A new study by the University of Colorado shows that the longer people are awake during the time their biological clock is telling them to sleep the worse their sensitivity to insulin, which is a precursor to diabetes. The study showed that a disruption, or circadian misalignment of a person’s internal clock induced by five-hour “short-sleep” schedules, resulted in morning wakefulness during the biological night when melatonin levels were still high, said CU-Boulder Professor Kenneth Wright, lead study author.
Melatonin is a sleep-promoting hormone produced naturally by the pineal gland and controlled by the brain’s master clock, while insulin, produced in the pancreas, regulates blood sugar. “We found the longer you are awake during the biological night, the worse your insulin sensitivity is,” said Wright, who directs CU-Boulder’s Sleep and Chronobiology Laboratory. “This is important because impaired insulin sensitivity can lead to both pre-diabetes and type 2 diabetes.”
While the study participants all ate healthy diets during several days and nights of baseline measurements, they were allowed to eat the types and amounts of foods they wanted during the short-night sleep testing periods in order for the researchers to better understand insulin changes, said Wright. “We found the body is not prepared for food intake during the biological night, nor is it prepared to be physically active,” said Wright. “We are supposed to be resting and recovering during that time.”
The study included co-authors from CU-Boulder and from the University of Colorado Anschutz Medical Campus in Aurora, Colorado. The team tested two groups of eight healthy men and women in their early 20s, all of whom were given both oral and intravenous tests in which they drank or were infused with a sugary liquid, after which their baseline insulin levels were tested. Insulin helps fat and muscle cells absorb glucose from the bloodstream, lowering blood-sugar levels. Impaired insulin sensitivity occurs when those cells cannot easily absorb glucose, causing the pancreas to produce more insulin.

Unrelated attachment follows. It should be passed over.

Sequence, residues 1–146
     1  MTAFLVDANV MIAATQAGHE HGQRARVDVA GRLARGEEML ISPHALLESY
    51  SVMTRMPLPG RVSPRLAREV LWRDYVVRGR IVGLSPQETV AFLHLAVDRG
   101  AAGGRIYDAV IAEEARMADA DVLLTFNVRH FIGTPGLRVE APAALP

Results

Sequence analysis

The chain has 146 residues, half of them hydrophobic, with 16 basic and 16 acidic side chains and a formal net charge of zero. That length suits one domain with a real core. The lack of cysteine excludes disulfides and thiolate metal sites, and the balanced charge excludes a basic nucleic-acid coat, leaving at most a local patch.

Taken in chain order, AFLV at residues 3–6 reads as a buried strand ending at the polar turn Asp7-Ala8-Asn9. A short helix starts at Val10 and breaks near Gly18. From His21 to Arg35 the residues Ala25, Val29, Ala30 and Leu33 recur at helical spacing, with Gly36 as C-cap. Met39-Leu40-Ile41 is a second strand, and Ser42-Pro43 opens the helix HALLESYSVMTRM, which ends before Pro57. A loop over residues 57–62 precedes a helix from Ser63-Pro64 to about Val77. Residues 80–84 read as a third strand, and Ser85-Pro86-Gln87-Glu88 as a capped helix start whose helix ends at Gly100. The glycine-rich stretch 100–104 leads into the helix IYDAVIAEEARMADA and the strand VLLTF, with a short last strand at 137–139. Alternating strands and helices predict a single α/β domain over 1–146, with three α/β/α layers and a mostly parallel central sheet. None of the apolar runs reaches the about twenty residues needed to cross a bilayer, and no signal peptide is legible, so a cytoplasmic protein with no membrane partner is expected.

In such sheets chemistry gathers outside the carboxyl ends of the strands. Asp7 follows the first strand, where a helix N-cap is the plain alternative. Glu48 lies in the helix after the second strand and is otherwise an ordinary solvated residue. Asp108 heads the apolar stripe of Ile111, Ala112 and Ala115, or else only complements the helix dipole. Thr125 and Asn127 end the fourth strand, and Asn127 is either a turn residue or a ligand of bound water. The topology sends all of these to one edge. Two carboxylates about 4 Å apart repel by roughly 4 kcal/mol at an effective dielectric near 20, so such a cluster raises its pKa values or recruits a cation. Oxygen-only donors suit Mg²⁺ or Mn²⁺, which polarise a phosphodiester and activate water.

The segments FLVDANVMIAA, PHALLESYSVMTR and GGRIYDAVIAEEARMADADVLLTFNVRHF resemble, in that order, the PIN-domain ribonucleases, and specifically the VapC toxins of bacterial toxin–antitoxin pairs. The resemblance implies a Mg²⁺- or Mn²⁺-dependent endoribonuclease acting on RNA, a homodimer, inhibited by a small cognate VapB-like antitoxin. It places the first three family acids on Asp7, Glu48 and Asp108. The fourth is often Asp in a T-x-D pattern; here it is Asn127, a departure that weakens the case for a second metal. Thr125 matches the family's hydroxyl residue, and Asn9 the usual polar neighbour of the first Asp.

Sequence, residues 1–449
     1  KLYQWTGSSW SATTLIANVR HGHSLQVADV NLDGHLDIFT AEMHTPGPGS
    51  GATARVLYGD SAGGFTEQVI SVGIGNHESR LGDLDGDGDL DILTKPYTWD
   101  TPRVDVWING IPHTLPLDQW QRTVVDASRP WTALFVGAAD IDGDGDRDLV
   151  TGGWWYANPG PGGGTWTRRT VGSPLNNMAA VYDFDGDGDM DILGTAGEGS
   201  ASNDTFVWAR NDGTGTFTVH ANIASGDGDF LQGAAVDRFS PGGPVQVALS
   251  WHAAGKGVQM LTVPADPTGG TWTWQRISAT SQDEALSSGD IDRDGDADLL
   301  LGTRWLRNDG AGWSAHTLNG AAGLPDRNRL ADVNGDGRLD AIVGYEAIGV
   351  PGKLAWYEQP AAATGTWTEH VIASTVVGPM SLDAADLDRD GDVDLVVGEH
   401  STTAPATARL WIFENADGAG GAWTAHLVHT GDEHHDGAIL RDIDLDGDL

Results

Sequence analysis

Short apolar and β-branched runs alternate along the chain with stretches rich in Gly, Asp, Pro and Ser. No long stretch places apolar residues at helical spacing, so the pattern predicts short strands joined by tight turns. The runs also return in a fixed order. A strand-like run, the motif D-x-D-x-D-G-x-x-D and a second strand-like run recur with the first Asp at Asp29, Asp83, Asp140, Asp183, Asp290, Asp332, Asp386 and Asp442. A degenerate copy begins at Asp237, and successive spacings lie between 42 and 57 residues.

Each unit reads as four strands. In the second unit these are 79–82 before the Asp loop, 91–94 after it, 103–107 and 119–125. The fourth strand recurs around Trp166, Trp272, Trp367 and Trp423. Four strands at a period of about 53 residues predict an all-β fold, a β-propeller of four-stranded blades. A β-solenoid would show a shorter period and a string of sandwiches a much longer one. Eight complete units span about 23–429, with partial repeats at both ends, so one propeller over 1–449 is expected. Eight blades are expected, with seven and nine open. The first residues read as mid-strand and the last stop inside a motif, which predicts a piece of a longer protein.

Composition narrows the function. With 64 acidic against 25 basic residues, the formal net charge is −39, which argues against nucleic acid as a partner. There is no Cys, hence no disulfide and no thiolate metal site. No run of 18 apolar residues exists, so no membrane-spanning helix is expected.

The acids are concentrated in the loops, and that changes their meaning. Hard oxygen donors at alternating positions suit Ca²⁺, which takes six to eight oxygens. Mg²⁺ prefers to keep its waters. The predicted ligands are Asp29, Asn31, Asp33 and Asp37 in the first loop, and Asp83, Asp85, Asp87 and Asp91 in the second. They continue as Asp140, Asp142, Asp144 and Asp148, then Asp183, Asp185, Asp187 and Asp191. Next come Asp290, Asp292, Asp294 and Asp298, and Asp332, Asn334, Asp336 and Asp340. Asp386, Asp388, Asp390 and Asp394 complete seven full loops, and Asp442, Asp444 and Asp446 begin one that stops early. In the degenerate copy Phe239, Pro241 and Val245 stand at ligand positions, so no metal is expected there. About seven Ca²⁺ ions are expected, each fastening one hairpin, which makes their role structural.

During the sleep disruption part of the study one group had just five hours of available sleep time each night for five days – simulating a workweek with too little sleep – before transitioning into five days with nine hours of available sleep time. The other group did the opposite, starting with nine hours of available sleep time for the first five nights, then switching to just five hours per night for the next five nights.
The team found that the simulated five-day workweek of five hours of sleep per night resulted in a 20% reduced oral and intravenous insulin sensitivity in otherwise healthy people. It took three consecutive nights of nine hours of available sleep time to restore oral insulin sensitivity in test subjects, Wright said.
“Our study and other previous studies have shown sleep loss reduces sensitivity to insulin,” said Wright. “But we also found in this study that the test subjects with sleep loss had to release a lot more insulin to keep their blood sugar levels normal.”
Wright said further testing could reveal a lot more about insulin sensitivity. “These were young and very healthy people we studied,! said Wright. “We don’t know how much this might affect middle-aged or elderly people. One good follow-up study would be to see if improving the sleep of older people could improve their metabolic health.”
Short sleep duration and circadian misalignment are hypothesized to causally contribute to health problems including obesity, diabetes, metabolic syndrome, heart disease, mood disorders, cognitive impairment, and accidents [ 1–7 ]. Here, we investigated the influence of morning circadian misalignment induced by an imposed short night-time sleep schedule on impaired insulin sensitivity, a precursor to diabetes. Imposed short sleep duration resulted in morning wakefulness occurring during the biological night (i.e., circadian misalignment)—a time when endogenous melatonin levels were still high indicating the internal circadian clock was still promoting sleep and related functions. We show the longer melatonin levels remained high after wake time, insulin sensitivity worsened. Overall, we find a simulated 5-day work week of 5-hr-per-night sleep opportunities and ad libitum food intake resulted in ∼20% reduced oral and intravenous insulin sensitivity in otherwise healthy men and women. Reduced insulin sensitivity was compensated by an increased insulin response to glucose, which may reflect an initial physiological adaptation to maintain normal blood sugar [ 8 ] levels during sleep loss. Furthermore, we find that transitioning from the imposed short sleep schedule to 9-hr sleep opportunities for 3 days restored oral insulin sensitivity to baseline, but 5 days with 9-hr sleep opportunities was insufficient to restore intravenous insulin sensitivity to baseline. These findings indicate morning wakefulness and eating during the biological night is a novel mechanism by which short sleep duration contributes to metabolic dysregulation and suggests food intake during the biological night may contribute to other health problems associated with short sleep duration.